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Authentic Followership – A Necessity for Successful Leadership
New book from Emerald explores how the increasingly popular topic of followership is essential to effective leadership
For over a century, scholars, psychologists and lifestyle gurus have sought to analyse the characteristics of a leader, how they can influence others and positively change an organization, for example. Meanwhile, few have explored how followers can act as partners, co- contributors and active persons in the leadership process.
In addition to being the first collective work of its kind, it offers historical perspectives and new conceptual frameworks to enhance leadership effectiveness and authentic followers. To gain a better understanding of why people follow, the chapters explain the psychological reasons for followership, how to follow, factors predicting capacity to switch between follower and leader roles and why organizations are now becoming more reliant on followers than in the past.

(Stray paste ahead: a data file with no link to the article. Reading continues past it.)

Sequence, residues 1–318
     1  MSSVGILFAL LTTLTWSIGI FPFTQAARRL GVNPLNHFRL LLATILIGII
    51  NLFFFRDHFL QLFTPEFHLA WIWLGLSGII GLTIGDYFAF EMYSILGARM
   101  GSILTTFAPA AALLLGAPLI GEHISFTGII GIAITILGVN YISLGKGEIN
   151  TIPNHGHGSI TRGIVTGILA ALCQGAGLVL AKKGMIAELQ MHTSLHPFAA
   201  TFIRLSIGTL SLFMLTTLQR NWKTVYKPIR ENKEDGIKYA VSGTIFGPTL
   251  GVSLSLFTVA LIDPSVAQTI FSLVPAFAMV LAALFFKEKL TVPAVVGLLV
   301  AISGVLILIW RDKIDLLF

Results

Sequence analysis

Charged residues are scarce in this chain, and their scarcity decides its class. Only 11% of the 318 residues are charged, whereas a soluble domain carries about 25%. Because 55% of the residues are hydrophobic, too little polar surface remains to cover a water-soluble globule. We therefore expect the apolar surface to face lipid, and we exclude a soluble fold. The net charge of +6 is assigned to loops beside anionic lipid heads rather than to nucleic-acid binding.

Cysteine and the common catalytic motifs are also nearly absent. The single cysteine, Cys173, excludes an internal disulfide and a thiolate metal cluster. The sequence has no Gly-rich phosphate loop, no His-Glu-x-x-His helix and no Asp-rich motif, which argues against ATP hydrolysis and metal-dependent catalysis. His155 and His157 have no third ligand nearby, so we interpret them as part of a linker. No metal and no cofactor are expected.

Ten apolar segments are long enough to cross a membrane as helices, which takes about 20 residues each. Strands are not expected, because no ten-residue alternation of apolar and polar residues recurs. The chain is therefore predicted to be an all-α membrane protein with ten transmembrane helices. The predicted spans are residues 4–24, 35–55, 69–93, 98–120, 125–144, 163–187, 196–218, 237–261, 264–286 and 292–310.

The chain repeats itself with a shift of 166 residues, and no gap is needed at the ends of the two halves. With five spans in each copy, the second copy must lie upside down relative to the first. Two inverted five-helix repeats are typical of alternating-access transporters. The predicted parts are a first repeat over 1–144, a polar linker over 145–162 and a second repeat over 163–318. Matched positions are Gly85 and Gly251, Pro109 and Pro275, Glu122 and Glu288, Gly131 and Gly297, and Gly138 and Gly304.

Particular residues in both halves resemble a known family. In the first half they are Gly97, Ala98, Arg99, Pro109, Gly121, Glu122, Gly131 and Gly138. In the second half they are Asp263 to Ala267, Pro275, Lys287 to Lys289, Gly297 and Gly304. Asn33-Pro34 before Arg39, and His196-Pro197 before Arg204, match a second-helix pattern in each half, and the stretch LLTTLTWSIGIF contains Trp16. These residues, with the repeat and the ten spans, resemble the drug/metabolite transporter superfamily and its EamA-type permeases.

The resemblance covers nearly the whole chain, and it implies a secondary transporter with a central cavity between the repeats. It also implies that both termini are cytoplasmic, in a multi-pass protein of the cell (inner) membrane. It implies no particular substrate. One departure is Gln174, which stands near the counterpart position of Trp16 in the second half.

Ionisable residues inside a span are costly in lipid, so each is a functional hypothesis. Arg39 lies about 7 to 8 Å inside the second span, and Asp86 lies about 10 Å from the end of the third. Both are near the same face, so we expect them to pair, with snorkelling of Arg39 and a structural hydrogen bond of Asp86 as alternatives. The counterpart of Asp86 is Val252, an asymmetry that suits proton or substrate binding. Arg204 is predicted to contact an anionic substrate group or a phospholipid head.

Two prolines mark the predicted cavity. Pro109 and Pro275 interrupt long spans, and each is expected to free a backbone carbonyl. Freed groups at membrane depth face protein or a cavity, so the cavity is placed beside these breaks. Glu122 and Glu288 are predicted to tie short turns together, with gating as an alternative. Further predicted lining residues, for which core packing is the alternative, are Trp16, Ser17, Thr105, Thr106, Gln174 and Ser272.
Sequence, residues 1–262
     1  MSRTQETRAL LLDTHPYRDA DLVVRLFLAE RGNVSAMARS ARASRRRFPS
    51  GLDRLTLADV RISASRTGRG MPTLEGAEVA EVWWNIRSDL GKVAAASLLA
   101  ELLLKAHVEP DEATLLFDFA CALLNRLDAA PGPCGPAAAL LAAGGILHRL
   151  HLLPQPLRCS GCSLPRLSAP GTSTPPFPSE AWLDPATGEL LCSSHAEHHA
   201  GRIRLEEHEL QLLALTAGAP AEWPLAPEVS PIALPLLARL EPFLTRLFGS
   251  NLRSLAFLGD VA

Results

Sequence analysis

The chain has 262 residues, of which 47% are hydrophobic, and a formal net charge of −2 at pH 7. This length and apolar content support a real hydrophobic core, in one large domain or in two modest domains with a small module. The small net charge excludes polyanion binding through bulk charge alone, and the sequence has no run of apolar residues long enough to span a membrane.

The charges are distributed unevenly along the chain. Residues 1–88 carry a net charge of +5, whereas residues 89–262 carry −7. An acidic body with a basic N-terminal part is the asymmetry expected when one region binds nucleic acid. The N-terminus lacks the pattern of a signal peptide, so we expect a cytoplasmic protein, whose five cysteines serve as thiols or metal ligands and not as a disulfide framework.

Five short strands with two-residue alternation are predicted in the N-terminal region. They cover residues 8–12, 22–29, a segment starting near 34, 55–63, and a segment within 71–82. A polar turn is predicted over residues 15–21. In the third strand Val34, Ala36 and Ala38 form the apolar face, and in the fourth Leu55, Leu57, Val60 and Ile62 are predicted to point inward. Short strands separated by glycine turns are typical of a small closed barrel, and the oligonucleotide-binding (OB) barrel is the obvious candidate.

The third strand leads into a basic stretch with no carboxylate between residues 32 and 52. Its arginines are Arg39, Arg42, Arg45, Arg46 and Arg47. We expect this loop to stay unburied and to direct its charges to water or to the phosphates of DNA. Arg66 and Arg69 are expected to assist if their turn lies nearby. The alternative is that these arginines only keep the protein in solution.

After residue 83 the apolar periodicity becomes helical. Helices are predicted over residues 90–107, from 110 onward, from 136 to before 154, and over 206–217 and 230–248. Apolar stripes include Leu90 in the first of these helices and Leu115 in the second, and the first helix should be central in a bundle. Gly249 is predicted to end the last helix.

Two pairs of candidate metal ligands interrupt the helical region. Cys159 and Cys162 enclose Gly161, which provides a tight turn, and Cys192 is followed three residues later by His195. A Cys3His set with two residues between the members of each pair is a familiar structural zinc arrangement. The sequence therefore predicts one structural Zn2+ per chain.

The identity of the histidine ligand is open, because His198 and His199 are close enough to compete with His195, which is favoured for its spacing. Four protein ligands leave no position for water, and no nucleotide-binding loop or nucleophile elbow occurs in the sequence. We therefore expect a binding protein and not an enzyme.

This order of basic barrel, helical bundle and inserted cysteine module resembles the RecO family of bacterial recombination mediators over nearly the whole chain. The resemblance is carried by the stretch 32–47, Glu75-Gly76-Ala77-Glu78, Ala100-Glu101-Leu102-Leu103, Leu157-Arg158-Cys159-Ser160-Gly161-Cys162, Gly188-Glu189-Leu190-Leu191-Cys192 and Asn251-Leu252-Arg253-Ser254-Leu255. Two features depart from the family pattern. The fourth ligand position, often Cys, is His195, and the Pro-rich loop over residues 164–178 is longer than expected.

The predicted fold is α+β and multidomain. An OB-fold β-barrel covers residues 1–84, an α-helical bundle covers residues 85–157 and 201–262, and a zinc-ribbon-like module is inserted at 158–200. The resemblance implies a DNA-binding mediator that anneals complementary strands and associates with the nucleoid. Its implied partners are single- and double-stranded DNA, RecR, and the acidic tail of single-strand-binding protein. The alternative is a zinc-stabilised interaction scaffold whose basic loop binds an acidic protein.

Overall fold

Laurent M. Lapierre, Editor and Professor of organizational behaviour and human resources management, said: “Followers are a vital part of leadership. Put simply, leaders would not exist without followers and in extreme situations organizations could even fail.
“Current literature on followership helps to broaden these early definitions by demonstrating that followers may also be proactive partners in the leadership process, and that these proactive forms of followership may advance organizational objectives” Chapter one, ‘Exploring the Historical Perspectives of Followership:
“Findings from the applied world suggest that followers high in both organizational knowledge and workplace engagement are more likely to exhibit authentic traits. Further, authentic followers can be divided into two categories: those who do not wish to assume formal leader roles, and those not yet chosen for formal leader roles.” Chapter two, ‘Exploring the “flipside”
“Subordinates defer to superiors out of obligation, followers choose to defer to a leader because they believe, based on their evaluation of dimensions such as the leader’s moral character, courage, effort, or ideas, that the leader’s direction is worthy of support.” Chapter five, ‘Comparing Followers and Subordinates: